A mock 1970s living room, featuring a black-and-white TV playing Service Electric's news channel from the time. The immersive room is exhibited at the National Museum of Industrial History in Bethlehem. (Morgan Wright/ B&W Staff)

A Night at the Museum for the history of media


The Museum of Industrial History recently hosted a “Night at the Museum” event highlighting the history of television, advertising and related media fields in the Lehigh Valley and beyond. 

The night consisted of three parts: networking, a panel discussion and a museum tour, and it was put together by Lehigh Valley-based media companies Viamedia, Service Electric, WFMZ-TV, Vsyn+ and PBS 39. 

Around 40 people attended from across the Lehigh Valley, welcomed with live music, refreshments and local treats at the entrance of the museum. They were also given the opportunity to individually speak with the panelists and the event organizers. 

Susan Kovacs, a senior account executive for Viamedia, helped organize the event which happened early last month. 

“Our programs are intended to really give the professional community in marketing and advertising an opportunity to learn or experience topics and information that is relevant to their job or community,” Kovacs said.

The event was inspired by Viamedia, the advertising partner with Service Electric, a pioneer company in the development of cable television. The museum currently hosts an exhibit to celebrate their 75th anniversary. 

The exhibit displays the history of Service Electric, from black-and-white to color television, with a timeline from 1948 to today. It includes a model living room from the 1970s, giving a peek into what cable TV looked like when it was one of the greatest technological advances of its time. 

Kavacs said the venue was ideal because it showcased both the exhibit, which covered the history of Service Electric, and to a discussion regarding the history and future of television. 

“We decided that all the players, the Lehigh Valley leaders in television, each have a very fundamental story to tell,” Kovacs said.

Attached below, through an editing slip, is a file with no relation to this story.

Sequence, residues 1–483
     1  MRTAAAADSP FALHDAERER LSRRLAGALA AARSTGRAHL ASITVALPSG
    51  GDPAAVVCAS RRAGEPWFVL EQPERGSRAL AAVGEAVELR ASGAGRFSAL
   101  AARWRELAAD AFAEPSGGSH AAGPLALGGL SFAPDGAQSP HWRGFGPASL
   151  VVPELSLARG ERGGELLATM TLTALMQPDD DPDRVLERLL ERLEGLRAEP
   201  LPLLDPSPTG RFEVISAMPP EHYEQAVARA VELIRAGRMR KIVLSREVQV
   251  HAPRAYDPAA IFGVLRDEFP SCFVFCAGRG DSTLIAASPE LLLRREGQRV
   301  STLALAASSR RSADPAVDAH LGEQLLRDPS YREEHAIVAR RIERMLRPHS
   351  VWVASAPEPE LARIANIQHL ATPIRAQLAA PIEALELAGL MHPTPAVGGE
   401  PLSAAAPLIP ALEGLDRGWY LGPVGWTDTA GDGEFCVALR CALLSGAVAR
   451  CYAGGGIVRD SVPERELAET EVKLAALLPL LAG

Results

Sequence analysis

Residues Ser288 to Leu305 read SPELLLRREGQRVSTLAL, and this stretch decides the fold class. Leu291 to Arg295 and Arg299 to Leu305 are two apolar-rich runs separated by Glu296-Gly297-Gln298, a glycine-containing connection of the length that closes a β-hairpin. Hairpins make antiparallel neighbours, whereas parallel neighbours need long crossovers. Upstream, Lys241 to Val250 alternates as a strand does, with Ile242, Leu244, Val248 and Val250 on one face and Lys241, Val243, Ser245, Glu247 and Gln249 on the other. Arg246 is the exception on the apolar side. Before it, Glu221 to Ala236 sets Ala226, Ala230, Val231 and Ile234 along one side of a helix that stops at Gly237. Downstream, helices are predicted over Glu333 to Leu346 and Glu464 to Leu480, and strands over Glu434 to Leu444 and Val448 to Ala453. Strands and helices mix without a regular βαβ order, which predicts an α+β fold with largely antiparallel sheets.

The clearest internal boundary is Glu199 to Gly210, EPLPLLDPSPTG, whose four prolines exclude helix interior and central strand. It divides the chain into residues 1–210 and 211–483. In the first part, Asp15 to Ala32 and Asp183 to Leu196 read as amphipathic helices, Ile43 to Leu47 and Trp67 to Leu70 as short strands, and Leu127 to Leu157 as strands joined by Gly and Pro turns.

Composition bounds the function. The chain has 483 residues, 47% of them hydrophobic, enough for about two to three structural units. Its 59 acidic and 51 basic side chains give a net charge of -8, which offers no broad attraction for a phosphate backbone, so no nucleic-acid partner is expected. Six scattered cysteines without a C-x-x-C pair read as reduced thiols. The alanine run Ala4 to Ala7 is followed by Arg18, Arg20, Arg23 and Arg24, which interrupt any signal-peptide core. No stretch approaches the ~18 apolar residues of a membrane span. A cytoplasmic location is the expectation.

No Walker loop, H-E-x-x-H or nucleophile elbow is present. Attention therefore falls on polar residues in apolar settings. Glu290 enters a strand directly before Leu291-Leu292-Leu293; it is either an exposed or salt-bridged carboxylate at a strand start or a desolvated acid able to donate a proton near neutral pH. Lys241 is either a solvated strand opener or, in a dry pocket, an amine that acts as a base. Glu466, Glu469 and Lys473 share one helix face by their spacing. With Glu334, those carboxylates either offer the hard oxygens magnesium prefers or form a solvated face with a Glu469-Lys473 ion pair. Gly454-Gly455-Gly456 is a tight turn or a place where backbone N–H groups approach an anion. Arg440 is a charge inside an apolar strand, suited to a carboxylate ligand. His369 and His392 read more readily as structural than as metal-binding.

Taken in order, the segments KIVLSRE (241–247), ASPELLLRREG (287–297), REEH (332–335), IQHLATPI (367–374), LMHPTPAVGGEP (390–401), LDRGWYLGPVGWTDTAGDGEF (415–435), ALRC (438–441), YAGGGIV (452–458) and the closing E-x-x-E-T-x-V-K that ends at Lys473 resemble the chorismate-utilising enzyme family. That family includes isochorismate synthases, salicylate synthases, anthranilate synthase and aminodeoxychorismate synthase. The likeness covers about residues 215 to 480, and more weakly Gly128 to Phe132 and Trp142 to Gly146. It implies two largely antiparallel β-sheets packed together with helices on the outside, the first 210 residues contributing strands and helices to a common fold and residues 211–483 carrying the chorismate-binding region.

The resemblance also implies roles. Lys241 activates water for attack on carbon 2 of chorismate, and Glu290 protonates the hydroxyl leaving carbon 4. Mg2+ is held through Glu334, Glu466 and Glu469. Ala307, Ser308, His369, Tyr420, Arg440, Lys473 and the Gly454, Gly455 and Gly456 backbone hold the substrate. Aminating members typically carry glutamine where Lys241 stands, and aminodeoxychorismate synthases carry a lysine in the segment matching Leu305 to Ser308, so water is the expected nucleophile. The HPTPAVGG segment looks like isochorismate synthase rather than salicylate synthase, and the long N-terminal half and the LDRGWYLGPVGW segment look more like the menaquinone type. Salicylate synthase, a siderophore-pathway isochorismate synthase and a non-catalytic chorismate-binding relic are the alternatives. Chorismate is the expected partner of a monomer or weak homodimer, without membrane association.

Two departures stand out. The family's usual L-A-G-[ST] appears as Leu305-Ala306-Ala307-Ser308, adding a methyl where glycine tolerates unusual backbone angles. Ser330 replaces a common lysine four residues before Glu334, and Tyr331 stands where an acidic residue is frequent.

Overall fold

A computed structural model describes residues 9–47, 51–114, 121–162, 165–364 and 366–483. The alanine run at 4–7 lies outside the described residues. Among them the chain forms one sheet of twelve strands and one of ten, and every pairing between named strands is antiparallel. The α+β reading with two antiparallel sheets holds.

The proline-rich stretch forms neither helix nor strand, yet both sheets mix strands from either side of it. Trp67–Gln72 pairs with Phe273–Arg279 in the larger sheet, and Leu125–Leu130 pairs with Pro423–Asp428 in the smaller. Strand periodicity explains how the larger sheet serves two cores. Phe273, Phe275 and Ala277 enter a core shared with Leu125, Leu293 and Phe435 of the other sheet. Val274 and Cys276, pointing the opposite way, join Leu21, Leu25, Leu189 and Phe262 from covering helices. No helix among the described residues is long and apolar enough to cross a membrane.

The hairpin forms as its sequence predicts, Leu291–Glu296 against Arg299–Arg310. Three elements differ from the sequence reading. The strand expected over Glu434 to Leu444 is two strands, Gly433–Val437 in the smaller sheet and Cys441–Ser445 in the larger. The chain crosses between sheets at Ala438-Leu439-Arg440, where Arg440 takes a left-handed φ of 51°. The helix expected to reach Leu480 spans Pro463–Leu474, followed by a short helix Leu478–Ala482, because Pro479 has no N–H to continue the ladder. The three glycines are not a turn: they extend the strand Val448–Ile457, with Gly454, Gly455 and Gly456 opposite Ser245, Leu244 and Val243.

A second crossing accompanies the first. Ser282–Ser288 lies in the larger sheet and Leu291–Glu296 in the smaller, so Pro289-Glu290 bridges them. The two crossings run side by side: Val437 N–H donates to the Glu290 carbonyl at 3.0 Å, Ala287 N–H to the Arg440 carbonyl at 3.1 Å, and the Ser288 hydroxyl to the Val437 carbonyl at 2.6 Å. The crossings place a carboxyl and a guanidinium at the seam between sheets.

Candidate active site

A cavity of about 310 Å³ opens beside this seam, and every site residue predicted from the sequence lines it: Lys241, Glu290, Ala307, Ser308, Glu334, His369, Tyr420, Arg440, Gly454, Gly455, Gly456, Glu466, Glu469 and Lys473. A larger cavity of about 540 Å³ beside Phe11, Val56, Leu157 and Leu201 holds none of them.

Five leaders from different media organizations were invited to speak about their role within their company, how it has changed throughout the years and where they think the future of television is heading. 

Each speaker discussed how cable television is still fighting to be relevant, especially with the popularity of streaming platforms like YouTube, Netflix and Hulu.

Jeff Kelly, the director of engineering at Service Electric Cable, has been working with Service Electric for 50 years. He was a panelist at the event. 

“Sharing our story with other professionals in the Lehigh Valley community could give them inspiration to start their own,” Kelly said.

He said the event was important in honoring Service Electric’s commitment to the Lehigh Valley, as well as providing a space for professionals in the industry to talk about their experience in their careers. 

Another panelist, Barry Fisher, the president and general manager of WFMZ-TV, explained that the station started back in 1976 with five employees in the newsroom. 

Today, WFMZ-TV employs over 168 full- and part-time people. 

“The companies here are all fairly entrepreneurial companies,” Fisher said. “It’s always nice to give people who are starting new companies a little vision of how it’s usually tough to start things. I think they enjoy seeing companies that have been successful over a long period of time.”

Javier Diaz, the director of production at PBS 39, said it’s important to raise awareness about these long-standing companies to the creatives of the community and ensure people know what they have to offer. 

Diaz believes having local leadership speak to local professionals is incredibly relevant. 

“Locally is where things are going to happen,” Diaz said. “These people are people who can make things happen in the Lehigh Valley and can collaborate.”

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